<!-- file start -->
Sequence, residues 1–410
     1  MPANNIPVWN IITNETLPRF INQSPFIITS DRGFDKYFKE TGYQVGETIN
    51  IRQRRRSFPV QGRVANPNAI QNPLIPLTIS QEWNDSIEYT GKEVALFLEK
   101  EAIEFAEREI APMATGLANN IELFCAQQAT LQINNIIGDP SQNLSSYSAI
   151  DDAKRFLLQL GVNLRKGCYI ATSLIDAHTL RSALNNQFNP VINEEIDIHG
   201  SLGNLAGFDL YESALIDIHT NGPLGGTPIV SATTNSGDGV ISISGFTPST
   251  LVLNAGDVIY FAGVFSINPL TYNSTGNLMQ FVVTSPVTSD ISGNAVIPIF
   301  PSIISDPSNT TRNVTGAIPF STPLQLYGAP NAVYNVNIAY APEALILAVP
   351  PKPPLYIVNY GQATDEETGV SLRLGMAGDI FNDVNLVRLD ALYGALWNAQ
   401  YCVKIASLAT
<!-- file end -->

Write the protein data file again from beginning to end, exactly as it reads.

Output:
Sequence, residues 1–410
     1  MPANNIPVWN IITNETLPRF INQSPFIITS DRGFDKYFKE TGYQVGETIN
    51  IRQRRRSFPV QGRVANPNAI QNPLIPLTIS QEWNDSIEYT GKEVALFLEK
   101  EAIEFAEREI APMATGLANN IELFCAQQAT LQINNIIGDP SQNLSSYSAI
   151  DDAKRFLLQL GVNLRKGCYI ATSLIDAHTL RSALNNQFNP VINEEIDIHG
   201  SLGNLAGFDL YESALIDIHT NGPLGGTPIV SATTNSGDGV ISISGFTPST
   251  LVLNAGDVIY FAGVFSINPL TYNSTGNLMQ FVVTSPVTSD ISGNAVIPIF
   301  PSIISDPSNT TRNVTGAIPF STPLQLYGAP NAVYNVNIAY APEALILAVP
   351  PKPPLYIVNY GQATDEETGV SLRLGMAGDI FNDVNLVRLD ALYGALWNAQ
   401  YCVKIASLAT